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# Significance of Gapped Sequence Alignments

^{}Corresponding author.

*Dr. Lee A. Newberg, Wadsworth Center, NYS Department of Health, P.O. Box 509, Albany, NY 12201-0509. E-mail:*Email: gro.htrowsdaw@grebwen.eel

## Abstract

Measurement of the statistical significance of extreme sequence alignment scores is key to many important applications, but it is difficult. To precisely approximate alignment score significance, we draw random samples directly from a well chosen, importance-sampling probability distribution. We apply our technique to pairwise local sequence alignment of nucleic acid and amino acid sequences of length up to 1000. For instance, using a BLOSUM62 scoring system for local sequence alignment, we compute that the p-value of a score of 6000 for the alignment of two sequences of length 1000 is (3.4 ± 0.3) × 10^{−1314}. Further, we show that the extreme value significance statistic for the local alignment model that we examine does not follow a Gumbel distribution. A web server for this application is available at *http://bayesweb.wadsworth.org/alignmentSignificanceV1/*.

**Key words:**alignment, dynamic programming, genomics, phylogenetic trees, regulatory regions

## 1.Introduction

The alignment of a pair of sequences is a fundamental task in genomics and proteomics, but methods for precisely gauging the significance of an alignment are not efficient (Mitrophanov and Borodovsky, 2006). Here we present an efficient method for precisely approximating the significance (also termed *p*-value) of an alignment score. We apply the approach to the alignment of sequences of length 1000 to precisely approximate *p*-values nearly as low as 10^{−4000}. Furthermore, we observe that, for local sequence alignments, the log(significance) values approximately scale with the input sequence lengths; thus, the results of our method for select sequence length sizes can be scaled to arbitrary sequence lengths.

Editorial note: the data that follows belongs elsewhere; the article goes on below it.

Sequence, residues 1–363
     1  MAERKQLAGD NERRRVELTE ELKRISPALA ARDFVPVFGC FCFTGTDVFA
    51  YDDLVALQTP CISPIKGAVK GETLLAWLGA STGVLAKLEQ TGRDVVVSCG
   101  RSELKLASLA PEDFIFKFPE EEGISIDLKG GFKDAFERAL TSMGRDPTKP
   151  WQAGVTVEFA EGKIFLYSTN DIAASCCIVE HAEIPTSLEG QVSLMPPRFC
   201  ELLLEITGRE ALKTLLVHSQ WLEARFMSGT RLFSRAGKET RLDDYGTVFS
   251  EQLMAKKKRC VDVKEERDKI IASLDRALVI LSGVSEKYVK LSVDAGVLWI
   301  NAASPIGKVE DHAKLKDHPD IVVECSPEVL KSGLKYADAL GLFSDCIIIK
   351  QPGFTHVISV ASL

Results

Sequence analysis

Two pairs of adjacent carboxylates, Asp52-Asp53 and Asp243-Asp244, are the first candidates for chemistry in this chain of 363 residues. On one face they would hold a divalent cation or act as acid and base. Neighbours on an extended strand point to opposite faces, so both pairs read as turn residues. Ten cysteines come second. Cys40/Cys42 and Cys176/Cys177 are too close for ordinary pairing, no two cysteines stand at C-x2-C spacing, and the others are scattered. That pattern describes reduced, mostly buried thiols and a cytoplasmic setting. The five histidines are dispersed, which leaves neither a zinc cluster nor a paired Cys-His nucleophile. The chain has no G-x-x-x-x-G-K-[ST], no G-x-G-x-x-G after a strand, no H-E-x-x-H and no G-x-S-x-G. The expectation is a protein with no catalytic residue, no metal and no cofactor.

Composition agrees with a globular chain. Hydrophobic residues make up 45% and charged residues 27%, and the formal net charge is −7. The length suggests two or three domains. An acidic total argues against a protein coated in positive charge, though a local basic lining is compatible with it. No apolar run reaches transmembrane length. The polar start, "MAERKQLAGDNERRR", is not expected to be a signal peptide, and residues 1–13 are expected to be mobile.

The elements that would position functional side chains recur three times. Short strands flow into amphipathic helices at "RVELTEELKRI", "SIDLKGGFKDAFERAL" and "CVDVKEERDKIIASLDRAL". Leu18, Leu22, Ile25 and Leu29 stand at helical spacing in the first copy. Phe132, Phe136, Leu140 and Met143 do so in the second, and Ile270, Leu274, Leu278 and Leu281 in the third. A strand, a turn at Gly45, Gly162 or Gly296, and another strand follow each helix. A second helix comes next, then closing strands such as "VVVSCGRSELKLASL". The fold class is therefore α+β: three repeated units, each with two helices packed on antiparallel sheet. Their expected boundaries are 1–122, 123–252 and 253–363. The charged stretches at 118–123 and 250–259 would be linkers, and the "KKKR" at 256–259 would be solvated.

### 1.1.Notation and problem statement

Let (*x, y*) be a pair of sequences, composed of amino acid residues or nucleotides, with lengths (*m, n*), and let *A* be an alignment of the sequences. We choose to allow an alignment to have an insertion into *y* immediately following an insertion into *x*, but not vice versa; however, alternative approaches should demonstrate similar results. We choose to focus on local sequence alignments, where initial and final unaligned regions are permitted without penalty, rather than on global or semi-local sequence alignments, although the general approach presented here should also work well for such alignments.